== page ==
continues to cause problems for farmers in the eastern part of North Carolina.
The concern is not just about underground crops, like peanuts and sweet potatoes. The rain also raises fears about fungus and disease.
Farmers in Halifax County are racing against the clock in a battle with wet fields. Some farmers saw a month's worth of rain in a matter of days.
A harvester stuck in the middle of Sam Whitehead's tobacco field is the latest example of how too much rain can turn a blessing into a soggy mess.
"Well, it slowed us down this week," he said. "We had to wait a couple of days to let the hurricane rains dissipate a little bit."
The ground is still too soft to handle heavy equipment, like tobacco harvesters. Tobacco leaves must be harvested now.
"It's probably going to ripen quicker than normal. So we are limited by barn space as far and getting tobacco in before it cures or drowns on the stalk," Whitehead said.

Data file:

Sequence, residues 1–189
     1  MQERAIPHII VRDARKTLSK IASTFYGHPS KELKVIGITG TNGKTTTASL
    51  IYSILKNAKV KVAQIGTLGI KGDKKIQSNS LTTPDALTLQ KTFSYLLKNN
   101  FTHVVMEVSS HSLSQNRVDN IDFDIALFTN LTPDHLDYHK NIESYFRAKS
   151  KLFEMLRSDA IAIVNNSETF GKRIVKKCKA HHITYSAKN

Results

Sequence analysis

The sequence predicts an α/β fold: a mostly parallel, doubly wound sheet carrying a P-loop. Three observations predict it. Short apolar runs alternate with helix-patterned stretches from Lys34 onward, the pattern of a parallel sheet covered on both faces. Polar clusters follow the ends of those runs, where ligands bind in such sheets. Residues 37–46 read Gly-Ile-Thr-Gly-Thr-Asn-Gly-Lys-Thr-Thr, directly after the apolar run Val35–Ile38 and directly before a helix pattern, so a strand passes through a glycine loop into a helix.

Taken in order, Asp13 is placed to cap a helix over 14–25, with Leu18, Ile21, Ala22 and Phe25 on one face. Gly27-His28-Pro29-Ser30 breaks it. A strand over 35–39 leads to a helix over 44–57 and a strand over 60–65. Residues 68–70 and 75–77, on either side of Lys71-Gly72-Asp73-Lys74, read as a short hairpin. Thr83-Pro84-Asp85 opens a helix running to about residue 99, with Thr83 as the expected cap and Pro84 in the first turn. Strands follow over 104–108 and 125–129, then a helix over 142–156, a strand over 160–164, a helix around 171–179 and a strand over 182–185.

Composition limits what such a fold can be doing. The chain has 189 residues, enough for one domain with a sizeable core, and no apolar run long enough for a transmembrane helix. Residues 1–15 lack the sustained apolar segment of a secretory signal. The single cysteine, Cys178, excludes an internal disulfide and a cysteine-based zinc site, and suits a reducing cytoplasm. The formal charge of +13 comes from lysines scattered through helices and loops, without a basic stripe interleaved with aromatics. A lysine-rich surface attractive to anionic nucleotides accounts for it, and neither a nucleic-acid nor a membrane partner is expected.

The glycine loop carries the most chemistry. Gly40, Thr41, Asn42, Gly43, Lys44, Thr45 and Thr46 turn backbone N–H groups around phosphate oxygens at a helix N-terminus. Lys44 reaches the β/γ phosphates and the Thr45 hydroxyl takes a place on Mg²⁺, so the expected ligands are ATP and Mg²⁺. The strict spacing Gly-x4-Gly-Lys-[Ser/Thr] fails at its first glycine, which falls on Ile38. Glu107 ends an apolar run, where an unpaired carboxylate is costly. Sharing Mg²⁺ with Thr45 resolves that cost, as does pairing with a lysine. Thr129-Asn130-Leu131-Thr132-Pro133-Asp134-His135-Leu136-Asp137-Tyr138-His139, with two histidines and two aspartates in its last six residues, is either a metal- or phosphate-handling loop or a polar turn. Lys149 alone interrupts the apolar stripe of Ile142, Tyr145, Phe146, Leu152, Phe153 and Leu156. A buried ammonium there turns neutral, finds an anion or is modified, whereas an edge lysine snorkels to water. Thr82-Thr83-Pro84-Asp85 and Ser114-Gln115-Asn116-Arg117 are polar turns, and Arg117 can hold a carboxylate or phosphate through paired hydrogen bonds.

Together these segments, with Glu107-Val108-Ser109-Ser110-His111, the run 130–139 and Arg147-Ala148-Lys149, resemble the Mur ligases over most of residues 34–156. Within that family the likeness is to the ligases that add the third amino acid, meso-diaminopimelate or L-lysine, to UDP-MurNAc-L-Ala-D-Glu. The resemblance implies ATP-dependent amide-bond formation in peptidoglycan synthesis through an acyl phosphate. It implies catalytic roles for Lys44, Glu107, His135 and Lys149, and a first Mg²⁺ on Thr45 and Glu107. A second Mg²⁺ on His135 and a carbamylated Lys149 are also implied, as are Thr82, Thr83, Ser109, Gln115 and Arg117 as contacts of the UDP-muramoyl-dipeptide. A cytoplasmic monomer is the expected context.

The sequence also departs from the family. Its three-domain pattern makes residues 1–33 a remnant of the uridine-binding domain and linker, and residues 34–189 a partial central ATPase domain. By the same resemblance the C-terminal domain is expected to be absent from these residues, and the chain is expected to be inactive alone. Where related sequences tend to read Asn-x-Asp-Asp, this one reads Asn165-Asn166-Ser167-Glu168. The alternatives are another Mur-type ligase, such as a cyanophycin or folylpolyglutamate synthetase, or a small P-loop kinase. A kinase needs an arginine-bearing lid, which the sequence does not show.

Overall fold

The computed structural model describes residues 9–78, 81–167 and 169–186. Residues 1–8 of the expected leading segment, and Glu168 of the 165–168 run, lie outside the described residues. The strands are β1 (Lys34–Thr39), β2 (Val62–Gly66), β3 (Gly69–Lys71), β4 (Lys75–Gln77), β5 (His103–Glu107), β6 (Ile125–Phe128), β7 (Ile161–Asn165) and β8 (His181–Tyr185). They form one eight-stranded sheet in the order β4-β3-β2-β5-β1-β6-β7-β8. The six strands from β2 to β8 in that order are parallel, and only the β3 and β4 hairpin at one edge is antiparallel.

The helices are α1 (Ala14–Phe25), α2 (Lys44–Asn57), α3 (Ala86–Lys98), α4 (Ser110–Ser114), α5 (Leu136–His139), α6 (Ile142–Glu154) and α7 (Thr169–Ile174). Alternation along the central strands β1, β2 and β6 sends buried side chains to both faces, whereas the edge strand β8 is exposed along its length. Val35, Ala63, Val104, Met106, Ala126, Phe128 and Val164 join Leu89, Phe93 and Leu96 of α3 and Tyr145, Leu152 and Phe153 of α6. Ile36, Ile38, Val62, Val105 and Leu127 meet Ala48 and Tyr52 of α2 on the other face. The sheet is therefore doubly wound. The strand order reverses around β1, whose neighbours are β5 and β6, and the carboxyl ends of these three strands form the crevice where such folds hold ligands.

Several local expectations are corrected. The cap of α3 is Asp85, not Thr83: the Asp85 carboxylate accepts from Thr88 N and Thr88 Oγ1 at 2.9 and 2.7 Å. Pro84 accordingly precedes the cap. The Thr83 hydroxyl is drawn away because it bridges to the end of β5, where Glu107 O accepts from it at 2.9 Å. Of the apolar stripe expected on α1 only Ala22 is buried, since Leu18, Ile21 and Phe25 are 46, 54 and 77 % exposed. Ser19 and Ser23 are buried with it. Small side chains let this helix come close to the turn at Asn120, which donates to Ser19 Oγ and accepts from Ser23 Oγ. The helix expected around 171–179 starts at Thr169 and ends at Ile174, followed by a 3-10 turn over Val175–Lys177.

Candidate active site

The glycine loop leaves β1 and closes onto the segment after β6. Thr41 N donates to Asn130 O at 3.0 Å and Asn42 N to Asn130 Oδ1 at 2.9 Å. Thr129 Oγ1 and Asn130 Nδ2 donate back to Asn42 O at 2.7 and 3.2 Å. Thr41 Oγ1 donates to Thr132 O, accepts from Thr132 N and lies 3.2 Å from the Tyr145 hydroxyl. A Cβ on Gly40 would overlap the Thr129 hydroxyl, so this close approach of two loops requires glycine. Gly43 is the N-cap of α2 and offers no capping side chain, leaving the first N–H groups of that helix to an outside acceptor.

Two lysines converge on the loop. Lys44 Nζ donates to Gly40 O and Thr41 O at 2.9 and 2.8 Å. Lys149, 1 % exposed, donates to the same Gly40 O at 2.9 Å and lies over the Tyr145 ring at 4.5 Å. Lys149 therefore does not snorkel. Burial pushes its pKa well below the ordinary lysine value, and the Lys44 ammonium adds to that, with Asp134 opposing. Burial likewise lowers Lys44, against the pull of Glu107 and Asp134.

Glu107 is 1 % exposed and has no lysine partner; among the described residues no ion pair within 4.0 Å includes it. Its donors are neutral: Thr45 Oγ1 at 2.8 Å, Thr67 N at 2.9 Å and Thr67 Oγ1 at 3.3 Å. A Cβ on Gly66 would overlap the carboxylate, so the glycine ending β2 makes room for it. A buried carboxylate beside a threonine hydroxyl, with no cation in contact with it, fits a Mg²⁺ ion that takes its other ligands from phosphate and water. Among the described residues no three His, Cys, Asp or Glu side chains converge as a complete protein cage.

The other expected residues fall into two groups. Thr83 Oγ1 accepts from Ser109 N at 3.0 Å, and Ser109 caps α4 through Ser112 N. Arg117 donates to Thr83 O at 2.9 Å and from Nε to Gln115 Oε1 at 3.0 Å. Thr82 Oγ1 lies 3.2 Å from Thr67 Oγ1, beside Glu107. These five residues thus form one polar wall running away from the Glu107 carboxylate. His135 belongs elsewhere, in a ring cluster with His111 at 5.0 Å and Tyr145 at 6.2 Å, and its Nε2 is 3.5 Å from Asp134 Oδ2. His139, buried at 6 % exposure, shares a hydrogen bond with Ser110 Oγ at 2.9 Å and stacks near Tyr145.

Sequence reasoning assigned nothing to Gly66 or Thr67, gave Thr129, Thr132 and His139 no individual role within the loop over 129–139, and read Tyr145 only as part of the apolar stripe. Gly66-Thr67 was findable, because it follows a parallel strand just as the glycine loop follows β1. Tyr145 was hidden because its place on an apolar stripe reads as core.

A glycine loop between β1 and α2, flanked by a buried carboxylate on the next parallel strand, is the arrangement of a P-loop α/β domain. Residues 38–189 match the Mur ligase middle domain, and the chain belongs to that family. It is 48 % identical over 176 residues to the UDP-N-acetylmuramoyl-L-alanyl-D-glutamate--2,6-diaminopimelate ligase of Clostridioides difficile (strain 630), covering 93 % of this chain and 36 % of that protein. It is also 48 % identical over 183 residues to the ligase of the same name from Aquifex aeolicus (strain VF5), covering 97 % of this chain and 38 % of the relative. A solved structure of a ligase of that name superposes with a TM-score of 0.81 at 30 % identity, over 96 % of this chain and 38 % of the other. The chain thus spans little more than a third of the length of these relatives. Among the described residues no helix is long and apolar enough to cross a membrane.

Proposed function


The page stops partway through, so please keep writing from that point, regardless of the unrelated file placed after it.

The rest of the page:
Heavier rains also means the other crops, like soybeans, must be tended to. Farmers are worried about fungus and insects.
Halifax County farmers are thankful Hurricane Charley did not destroy what, up until now, was a near perfect growing season.
"A lot of stress -- it really was," farmer Rob Fleming said. "A good year like this, I think it's a real big opportunity and a hurricane would hurt."
As the fields dry out, farmers turn to other chores like tuning up cotton pickers for next month's harvest.
While most farmers only dealt with a lot of rain, farmers in several counties down east also suffered serious wind damage to crops like corn.
The state Department of Agriculture says damage from Hurricane Charley and Tropical Storm Bonnie caused an estimated $55 million in crop damage.
In 1999, Hurricane Floyd caused $813 million in damage to crops.
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